Any such fundamental principle of historical change is missing from Mills’ sociology. It is, indeed, difficult to extract from his writings any consistent or comprehensive theory of the change of one social structure into another and their mutual inter-connections. We shall see how this deficiency handicaps his insight and foresight when he deals with the crucial problems of the changeover from capitalism to socialism.
Just as Mills breaks up the stream of history into autonomous social structures, so he fragments the social structure into separate institutional orders which do not have any consistent principle of unification.
Social structures, he says, are made up or built up out of institutions which all together determine the character of the society, the traits of typical individuals and the role they can play. Society is a composite of institutions of various kinds: political, economic, military, legal, kinship, religious, educational. Social structure is “the combination of institutions classified according to the functions each per forms.”
Marxism holds that the functions of all other institutions are dependent in the last analysis upon the conditions of production in that society. The unity of any social structure comes from the interrelations and interactions between its economic foundation and its cultural superstructure.
The homogeneity of slave society, for example, is derived from its basic relations of production and type of property, the ownership and exploitation of chattels by their masters, and the operation of all other institutions must conform to these facts. Thus the precise functions which education, politics or law performed in the pre-Civil War South can be explained only by setting forth the relations of these social activities to the “peculiar institution” of slavery which determined their chief characteristics and social role.
To Mills, however, this principle of historical materialism cannot be made a universal rule, although it is often applicable and useful. The economy is only one of numerous institutions into which the social aggregation can be differentiated, and it may not be the most decisive one: “Any one of the institutional orders, or spheres, which we have segregated may be (and, in fact, each of them have been) taken as the dominant order from which change springs.” ( Character and Social Structure).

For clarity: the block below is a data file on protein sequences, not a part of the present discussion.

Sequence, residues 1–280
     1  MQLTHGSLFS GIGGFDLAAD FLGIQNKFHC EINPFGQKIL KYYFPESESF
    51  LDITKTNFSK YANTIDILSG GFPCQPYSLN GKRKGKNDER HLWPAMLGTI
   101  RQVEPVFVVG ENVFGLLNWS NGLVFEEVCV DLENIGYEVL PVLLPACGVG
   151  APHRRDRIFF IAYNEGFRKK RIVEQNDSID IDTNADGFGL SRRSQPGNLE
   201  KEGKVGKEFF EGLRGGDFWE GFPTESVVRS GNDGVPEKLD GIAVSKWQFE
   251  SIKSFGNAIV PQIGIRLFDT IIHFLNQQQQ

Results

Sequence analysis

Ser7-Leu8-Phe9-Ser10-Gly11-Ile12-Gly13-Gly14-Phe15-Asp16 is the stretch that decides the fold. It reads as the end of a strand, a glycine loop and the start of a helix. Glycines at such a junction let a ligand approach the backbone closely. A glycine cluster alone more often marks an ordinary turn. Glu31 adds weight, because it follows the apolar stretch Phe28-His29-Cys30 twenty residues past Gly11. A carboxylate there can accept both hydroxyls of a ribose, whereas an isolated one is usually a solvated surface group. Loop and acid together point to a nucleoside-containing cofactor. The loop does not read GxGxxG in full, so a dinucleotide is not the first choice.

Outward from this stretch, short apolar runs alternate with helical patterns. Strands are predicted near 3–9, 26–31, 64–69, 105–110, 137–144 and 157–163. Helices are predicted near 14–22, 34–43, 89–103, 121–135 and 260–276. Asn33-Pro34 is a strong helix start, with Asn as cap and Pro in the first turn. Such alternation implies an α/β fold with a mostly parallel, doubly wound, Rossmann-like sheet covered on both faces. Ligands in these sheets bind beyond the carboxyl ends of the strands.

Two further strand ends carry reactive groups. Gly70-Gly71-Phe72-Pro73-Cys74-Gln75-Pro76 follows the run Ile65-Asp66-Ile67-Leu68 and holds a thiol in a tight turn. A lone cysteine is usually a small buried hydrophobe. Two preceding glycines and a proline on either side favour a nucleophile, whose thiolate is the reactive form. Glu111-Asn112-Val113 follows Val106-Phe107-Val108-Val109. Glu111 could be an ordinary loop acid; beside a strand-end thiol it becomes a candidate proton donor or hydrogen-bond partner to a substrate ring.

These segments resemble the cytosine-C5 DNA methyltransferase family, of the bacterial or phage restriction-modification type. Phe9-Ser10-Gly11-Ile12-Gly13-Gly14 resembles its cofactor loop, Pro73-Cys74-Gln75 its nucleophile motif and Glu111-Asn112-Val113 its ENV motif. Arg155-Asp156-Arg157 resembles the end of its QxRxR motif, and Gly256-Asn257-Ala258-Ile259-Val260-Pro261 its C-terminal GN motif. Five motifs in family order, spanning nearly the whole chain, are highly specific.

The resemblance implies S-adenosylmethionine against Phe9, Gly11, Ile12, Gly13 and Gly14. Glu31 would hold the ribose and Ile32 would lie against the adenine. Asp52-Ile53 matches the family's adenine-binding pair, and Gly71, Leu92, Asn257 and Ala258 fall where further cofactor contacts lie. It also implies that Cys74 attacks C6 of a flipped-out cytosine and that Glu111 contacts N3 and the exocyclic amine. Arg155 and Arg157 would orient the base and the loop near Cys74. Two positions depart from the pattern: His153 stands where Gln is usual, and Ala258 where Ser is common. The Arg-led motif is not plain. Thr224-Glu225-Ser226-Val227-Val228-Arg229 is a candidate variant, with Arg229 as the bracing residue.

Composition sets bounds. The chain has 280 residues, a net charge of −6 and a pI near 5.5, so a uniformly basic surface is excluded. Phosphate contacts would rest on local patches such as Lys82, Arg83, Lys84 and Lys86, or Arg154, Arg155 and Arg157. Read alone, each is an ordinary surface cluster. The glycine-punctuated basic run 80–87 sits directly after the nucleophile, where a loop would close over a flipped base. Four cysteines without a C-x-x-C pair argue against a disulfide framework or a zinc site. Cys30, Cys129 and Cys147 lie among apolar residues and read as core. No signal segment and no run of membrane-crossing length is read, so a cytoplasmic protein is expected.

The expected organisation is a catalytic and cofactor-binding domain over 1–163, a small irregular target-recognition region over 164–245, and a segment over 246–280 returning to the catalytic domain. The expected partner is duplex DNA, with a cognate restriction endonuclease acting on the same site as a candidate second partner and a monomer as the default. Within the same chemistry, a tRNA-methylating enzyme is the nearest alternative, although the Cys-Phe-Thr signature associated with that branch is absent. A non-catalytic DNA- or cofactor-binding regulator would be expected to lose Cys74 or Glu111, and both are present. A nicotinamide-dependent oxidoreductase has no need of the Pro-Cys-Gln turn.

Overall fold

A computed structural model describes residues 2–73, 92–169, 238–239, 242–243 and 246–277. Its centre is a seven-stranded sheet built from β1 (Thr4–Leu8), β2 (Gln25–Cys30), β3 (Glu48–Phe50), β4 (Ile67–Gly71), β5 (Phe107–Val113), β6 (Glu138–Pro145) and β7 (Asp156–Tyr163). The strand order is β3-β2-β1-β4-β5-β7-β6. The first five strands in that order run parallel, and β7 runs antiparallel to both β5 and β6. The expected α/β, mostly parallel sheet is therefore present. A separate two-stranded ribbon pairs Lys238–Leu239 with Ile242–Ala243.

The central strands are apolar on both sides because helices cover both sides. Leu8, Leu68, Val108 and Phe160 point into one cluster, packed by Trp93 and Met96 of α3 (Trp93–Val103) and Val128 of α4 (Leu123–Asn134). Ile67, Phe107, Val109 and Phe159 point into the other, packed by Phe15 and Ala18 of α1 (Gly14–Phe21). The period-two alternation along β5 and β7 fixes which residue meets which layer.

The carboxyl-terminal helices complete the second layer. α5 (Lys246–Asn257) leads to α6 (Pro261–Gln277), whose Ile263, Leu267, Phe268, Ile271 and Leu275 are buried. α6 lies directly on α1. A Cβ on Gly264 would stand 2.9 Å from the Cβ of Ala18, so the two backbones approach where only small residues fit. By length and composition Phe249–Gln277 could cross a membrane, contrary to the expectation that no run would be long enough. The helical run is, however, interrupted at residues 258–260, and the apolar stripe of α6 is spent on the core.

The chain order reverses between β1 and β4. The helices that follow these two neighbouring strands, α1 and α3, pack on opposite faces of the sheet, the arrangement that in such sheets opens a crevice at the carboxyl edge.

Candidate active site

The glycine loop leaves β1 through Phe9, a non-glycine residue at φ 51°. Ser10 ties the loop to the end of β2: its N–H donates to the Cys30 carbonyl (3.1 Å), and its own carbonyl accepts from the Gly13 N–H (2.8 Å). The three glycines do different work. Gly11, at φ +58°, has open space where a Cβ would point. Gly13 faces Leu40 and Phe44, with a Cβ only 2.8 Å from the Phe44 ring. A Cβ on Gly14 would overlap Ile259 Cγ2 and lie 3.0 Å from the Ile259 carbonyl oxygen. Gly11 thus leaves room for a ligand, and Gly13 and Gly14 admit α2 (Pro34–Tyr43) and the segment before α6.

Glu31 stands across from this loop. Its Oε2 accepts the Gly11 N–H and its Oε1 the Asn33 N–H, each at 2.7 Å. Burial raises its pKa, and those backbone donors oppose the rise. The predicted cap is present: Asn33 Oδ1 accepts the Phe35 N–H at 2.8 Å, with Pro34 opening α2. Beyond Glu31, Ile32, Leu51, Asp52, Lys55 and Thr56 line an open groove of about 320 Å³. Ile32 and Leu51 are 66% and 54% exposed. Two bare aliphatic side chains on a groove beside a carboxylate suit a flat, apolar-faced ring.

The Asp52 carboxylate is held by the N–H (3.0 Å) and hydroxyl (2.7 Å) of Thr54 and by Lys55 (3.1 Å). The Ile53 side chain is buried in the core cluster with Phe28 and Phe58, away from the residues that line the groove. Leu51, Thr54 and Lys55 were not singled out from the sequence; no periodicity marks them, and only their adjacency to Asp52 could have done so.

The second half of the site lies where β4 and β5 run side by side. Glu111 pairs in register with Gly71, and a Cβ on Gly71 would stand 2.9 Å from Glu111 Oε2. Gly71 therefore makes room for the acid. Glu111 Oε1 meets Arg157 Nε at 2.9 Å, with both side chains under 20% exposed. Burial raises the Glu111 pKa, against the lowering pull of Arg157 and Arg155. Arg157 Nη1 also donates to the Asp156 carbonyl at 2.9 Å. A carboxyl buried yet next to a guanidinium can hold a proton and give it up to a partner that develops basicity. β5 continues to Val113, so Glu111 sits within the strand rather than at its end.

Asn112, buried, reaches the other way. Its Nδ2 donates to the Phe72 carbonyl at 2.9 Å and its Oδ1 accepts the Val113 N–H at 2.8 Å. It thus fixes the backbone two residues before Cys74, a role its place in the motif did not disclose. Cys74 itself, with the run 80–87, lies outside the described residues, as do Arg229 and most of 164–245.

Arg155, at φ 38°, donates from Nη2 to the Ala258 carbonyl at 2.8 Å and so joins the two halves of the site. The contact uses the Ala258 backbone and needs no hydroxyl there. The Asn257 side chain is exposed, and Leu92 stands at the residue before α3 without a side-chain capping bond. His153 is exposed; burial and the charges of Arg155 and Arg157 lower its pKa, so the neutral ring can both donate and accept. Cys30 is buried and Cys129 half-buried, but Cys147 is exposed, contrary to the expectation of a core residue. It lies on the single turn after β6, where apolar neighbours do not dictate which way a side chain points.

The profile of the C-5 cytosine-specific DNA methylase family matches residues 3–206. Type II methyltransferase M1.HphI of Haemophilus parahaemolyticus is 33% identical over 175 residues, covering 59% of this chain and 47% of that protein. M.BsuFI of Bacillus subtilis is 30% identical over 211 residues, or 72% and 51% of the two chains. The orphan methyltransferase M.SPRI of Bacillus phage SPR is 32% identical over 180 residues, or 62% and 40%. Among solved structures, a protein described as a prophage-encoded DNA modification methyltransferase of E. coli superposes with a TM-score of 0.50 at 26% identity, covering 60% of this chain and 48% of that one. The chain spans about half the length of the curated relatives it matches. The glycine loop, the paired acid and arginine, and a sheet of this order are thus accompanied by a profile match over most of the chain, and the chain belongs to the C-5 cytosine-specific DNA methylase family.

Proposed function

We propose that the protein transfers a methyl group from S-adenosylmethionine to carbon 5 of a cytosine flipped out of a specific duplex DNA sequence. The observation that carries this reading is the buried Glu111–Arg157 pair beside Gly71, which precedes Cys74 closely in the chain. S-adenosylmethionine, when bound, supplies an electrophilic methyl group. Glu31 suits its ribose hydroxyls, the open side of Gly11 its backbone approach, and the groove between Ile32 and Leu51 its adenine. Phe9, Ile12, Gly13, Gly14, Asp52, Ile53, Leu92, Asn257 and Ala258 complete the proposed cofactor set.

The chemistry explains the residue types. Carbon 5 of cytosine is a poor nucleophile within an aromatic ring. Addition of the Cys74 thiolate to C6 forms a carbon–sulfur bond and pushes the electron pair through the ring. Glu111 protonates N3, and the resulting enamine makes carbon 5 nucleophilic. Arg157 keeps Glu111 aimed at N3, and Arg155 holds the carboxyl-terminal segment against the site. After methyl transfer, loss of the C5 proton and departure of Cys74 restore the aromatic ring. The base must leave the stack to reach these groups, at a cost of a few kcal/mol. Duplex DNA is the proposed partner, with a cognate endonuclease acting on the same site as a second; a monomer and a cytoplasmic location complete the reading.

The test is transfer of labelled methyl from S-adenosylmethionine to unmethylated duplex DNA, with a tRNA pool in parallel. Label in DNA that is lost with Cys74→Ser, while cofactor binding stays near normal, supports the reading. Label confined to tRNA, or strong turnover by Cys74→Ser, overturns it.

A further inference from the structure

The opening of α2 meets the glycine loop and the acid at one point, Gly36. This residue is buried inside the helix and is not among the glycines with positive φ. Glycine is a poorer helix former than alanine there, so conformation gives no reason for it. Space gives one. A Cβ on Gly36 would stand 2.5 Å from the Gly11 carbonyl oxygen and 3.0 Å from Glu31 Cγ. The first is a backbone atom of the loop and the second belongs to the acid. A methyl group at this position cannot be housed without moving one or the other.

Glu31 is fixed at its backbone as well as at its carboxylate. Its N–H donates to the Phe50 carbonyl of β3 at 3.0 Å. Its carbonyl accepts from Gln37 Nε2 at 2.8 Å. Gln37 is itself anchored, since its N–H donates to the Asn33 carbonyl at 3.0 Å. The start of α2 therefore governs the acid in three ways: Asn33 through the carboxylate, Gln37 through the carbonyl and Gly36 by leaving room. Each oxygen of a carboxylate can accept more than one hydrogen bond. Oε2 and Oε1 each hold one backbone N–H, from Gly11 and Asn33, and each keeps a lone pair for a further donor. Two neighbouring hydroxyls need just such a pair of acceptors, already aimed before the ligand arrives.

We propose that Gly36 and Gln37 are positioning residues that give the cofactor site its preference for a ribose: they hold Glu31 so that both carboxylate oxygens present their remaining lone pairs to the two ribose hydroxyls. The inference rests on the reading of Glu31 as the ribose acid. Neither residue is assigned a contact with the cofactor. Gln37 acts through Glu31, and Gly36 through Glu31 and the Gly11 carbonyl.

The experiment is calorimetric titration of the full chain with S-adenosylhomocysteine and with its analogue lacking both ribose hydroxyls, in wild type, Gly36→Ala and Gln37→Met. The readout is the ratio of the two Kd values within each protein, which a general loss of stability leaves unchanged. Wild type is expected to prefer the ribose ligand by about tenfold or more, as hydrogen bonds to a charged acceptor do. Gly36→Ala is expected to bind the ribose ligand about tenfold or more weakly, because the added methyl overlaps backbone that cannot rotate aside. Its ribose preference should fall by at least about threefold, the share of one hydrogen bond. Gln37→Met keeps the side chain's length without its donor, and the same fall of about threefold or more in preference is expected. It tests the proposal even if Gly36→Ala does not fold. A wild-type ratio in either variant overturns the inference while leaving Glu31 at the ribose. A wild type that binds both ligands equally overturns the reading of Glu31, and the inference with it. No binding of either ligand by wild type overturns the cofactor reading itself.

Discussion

Mills agreed with Weber that economics predominates in modern capitalism and therefore the economic order “is the point of departure for any realistic examination of institutional stratifications.” Even in this case, however, he does not categorically affirm that economic activity is decisive but only that it is the most useful and convenient vantage point from which to review the rest of the capitalist system.
On the basis of this pragmatic theory Mills finds it possible to assign the military high command an independent and predominant status in the United States today. The brass hats, he says, are not fundamentally executives for the policies and socioeconomic interests of the ruling rich but are pursuing ends of their own to which even the capitalist economy is subordinate.
Is this so? The armed forces might, as has happened elsewhere, venture to overturn the government by a coup d’état and set up a military dictatorship in place of democracy. But even the direct rule of armed force which would emerge from such an extreme eventuality would be administered to save the social interests of the strongest section of the exploiting class, and not simply on behalf of the officers’ corps. Under present conditions, however, the military leaders serve both the economic and political domination of Big Business.
The principal theoretical task of the sociologist, according to Mills, is to study how the different institutional orders are integrated and operate in a given social structure and to detect the shifts that occur within and between the respective institutions. In contemporary American society, for example, the economic, political and military orders are all superior to the family, church and education. Mills does not give a permanently paramount position to any part of the triangle composing the power elite at this stage; he believes that they play a game of musical chairs. Now the corporate directors, now the political chiefs, and now the high military plays the commanding role.
This eclectic sociology minimizes the historical fact that the relative importance of other social institutions is itself derived from economic conditions and changes. Their functions are, in mathematical language, a function of the economic factors.
Why are family (kinship) ties all-important in primitive societies while political institutions bound up with the territorial state are virtually nonexistent? The reasons for the centrality of the one and the insignificance of the other are lodged in such material factors as the crude technology, low level of production, collective economy and small, scattered populations of tribal life.
How are the shifts in the social position of the Catholic Church since the thirteenth century to be explained? It helped the highest estate in the Middle Ages; became dispossessed And weakened in the subsequent centuries; and is in a still more precarious status today. The root causes for this steady degradation of that religious institution can only be found in the revolutionary economic and social changes through which capitalism supplanted feudalism and is now itself being displaced by socialist forces.